Dana Carvey, a veteran cast member by the time Sandler joined SNL, talked about how blown away he was by Sandler’s comedic talent and instinct, even if the network wasn’t (Sandler was fired in 1995). After quickly skewering Trump and his potential upcoming arrest, fellow SNL castmate Chris Rock got one of the biggest reactions of the night when he pointed to Paul Pelosi in the audience and said, “Paul Pelosi is the only guy here who knows just how I feel—it’s just me and you, Paul!” Then he talked about how, despite Sandler’s seemingly quick and charmed success, he has always been unfailingly inclusive and deceptively hardworking—which few people of influence seem to recognize. “Nobody works as hard as the Sandman! Those folks at the Oscars, man…they’re fucking assholes.” And Rob Schneider, who shared his tenure at SNL with Sandler as well as a plethora of movie sets, expressed his admiration for Sandler’s talent as well as his perseverance, saying “If you tell enough people to fuck off, 30 years later you’ll get one of these awards.”
Accepting the award, Sandler shuffled onto the stage wearing what looked like a suit someone forced him to wear (earlier, on the red carpet, Sandler acknowledged that he “would have loved to have worn basketball shorts—man, this suit is goofy—but I think I would have got yelled at too much by so many family members”). Then he shifted into one of his trademark comedic voices and struggled to keep a straight face as he winded his way through an acknowledgment of how seemingly every person in his life— from siblings to comedy club owners, college buddies to the love of his life — scaffolded his confidence and encouraged him to chase his dreams so that he could grow from a goofball mama’s boy into the actor and comedian who’s earned more than $4 billion dollars at the box office. He then appreciatively touched the bronze bust of Mark Twain and mused, “As I look at this goofy award I’m holding, I just can’t help but think this just may be the weapon used to bludgeon me, by an angry intruder…or Mr. Rob Schneider.”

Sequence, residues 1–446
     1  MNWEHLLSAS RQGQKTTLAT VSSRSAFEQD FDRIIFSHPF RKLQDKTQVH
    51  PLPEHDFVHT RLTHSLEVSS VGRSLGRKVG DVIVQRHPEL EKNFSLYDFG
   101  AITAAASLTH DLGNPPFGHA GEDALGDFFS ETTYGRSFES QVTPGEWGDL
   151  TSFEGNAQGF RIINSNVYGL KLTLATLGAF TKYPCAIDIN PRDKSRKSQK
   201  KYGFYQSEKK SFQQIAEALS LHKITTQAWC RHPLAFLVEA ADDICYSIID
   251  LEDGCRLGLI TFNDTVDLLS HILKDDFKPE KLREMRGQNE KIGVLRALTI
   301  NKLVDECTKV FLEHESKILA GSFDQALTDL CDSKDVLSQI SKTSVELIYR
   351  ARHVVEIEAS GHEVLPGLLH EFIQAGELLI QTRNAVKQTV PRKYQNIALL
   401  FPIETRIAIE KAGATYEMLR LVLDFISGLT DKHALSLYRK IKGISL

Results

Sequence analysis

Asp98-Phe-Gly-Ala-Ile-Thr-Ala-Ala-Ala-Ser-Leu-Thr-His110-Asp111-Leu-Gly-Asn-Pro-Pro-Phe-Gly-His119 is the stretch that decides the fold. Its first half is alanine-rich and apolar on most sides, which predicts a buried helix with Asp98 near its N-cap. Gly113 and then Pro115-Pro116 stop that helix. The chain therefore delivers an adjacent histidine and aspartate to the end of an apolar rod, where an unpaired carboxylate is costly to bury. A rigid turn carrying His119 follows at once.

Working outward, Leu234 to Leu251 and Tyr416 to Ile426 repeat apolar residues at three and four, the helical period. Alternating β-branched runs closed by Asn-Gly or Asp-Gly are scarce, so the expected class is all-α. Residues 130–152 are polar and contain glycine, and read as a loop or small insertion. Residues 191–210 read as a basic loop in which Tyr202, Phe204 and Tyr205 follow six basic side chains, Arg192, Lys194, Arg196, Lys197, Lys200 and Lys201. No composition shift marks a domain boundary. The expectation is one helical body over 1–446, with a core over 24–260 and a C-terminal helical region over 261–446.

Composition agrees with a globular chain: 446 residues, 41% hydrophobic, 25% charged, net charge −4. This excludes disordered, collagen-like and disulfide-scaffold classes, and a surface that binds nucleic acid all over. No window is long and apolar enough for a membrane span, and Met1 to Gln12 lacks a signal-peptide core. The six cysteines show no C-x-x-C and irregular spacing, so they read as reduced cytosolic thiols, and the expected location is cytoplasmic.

Sandler continued, “And when someone asks me: Those bad reviews you get — how does that make you feel? The reason they don’t hurt me is because [my friends and I are having so much fun making these movies]. Everything we do together makes me feel like the critics don’t know what they’re talking about.”